By RICHARD F. BELISLE
8:43 PM EDT, May 29, 2012
A major feature of Shepherdstown’s ongoing 250th anniversary celebration is a series of seven speaking events focused on the town’s history over the last 2 1/2 centuries.
The series began in March on the subject of local steamboat inventor James Rumsey and was followed in April with a speech about the historic significance of Town Run, which runs under the town on its way to the Potomac River.
September has two speakers. The first audience will hear surprising “tidbits” on local lore and history and the second, two weeks later, on the horrors the Civil War brought upon Shepherdstown.
Audiences in October and November will hear about the local train station and Shepherdstown’s history in the context of regional and national events.
This month’s event featured a panel discussion on how Shepherdstown went about the business of integrating schools and the community following the U.S. Supreme Court’s 1954 Brown v. Board of Education decision.
The panel, recruited by Shepherd University’s Hannah Geffert, included Evelyn Taylor, 64, of Kearneysville, W.Va., Bishop Charles Hunter, 69, of Ebenezer Mount Calvary Holy Church in Summit Point, W.Va., and Jim Taylor, 79, of Ranson, W.Va., a member of the Jefferson County Black History Preservation Society.
Geffert moderated the discussion. It was attended by more than 100 people in Shepherdstown’s Asbury United Methodist Church last Thursday.
Jim Taylor was the first black to play on Shepherd College’s football team in 1955.
He was turned down for the team two years earlier but tried again, successfully, the year after Brown v. Board of Education.
“1955 was the year that integration really began at Shepherd,” he said. “The coach told me I was Shepherd’s Jackie Robinson. He told me I would have to put up with some things that the white players can do that you won’t be able to.”
“I knew what to expect,” Taylor said.
One time when the team was in Newport News, Va., for an away game, white fans in the stands heckled him and yelled epithets at him, he said. When the game ended, his Shepherd teammates surrounded him and escorted him off the field.
Taylor said he was called names by white people and blacks called him “Uncle Tom. I just couldn’t win.”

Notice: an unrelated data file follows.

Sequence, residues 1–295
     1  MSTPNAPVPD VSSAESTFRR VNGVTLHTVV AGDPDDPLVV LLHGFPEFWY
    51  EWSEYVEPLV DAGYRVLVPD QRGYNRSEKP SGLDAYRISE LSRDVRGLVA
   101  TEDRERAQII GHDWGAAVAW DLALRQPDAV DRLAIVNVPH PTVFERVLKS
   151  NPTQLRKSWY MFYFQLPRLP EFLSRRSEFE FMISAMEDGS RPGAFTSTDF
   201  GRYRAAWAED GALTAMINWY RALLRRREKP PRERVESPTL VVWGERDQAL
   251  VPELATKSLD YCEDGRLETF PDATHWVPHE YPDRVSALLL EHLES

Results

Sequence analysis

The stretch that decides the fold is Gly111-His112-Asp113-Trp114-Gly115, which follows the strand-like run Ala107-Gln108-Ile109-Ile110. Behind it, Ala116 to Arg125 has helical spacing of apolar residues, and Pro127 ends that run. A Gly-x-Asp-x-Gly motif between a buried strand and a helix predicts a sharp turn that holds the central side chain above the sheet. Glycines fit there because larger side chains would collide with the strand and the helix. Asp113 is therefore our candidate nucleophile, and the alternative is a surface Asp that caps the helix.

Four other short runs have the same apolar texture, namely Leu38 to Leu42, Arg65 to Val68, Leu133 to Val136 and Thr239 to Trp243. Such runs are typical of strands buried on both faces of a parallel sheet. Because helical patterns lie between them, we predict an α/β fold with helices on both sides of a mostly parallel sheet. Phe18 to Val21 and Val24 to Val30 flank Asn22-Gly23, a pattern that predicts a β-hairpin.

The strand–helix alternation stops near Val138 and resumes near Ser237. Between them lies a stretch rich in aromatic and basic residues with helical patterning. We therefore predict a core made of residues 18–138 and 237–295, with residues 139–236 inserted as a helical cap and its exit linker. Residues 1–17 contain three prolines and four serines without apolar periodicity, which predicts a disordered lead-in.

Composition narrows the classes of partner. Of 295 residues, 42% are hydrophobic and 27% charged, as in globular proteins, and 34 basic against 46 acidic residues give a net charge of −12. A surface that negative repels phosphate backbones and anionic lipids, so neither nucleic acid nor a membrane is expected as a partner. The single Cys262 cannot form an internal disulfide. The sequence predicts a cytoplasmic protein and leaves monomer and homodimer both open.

Hunter grew up in Shepherdstown and attended the all-black elementary school there. In the days of Jim Crow, black high school students in Shepherdstown had to board a 6 a.m. school bus for the trip to the all-black, Page-Jackson High School in Charles Town, W.Va.
When he graduated from elementary school, Hunter said he refused to get on a bus at 6 o’clock in the morning when there was a nice high school (Shepherdstown High) right here in Shepherdstown.
“I made up my mind that I was going to go there,” he said.
His friends told him he wouldn’t get in the door.
Hunter and a few other black students did get in, he said, and there were problems.
“We knew we were paving the way, that there were challenges that we would have to overcome,” he said.
Evelyn Taylor, no relation to Jim Taylor, held the book she spent 10 years researching on the history of black churches and congregations in Jefferson County.
Taylor, 69, of Kearneysville, W.Va., titled her book, “Historical Digest of Jefferson County West Virginia’s African-American Congregations 1859-1994.” A few selected churches in Berkeley County, W.Va., and Washington County were included in the book, she said. She said her parents, The Rev. and Mrs. Mary Taylor, influenced her in African-American history. Her mother for years had been collecting a treasure trove of information.
At some point, Taylor said, “we realized that we had a book.”
Her own research took her through old minutes at Trinity Episcopal Church. The first black congregation in Jefferson County was founded in 1859.
The book lists weddings and funerals of free blacks and slaves, the latter of whom rarely had last names other than the surnames of their masters, Taylor said.
She doesn’t think copies of the book are still available in area bookstores, but one can be purchased by calling her at 304-725-5948, she said.
The speaker series is being sponsored by the Historic Shepherdstown Commission.
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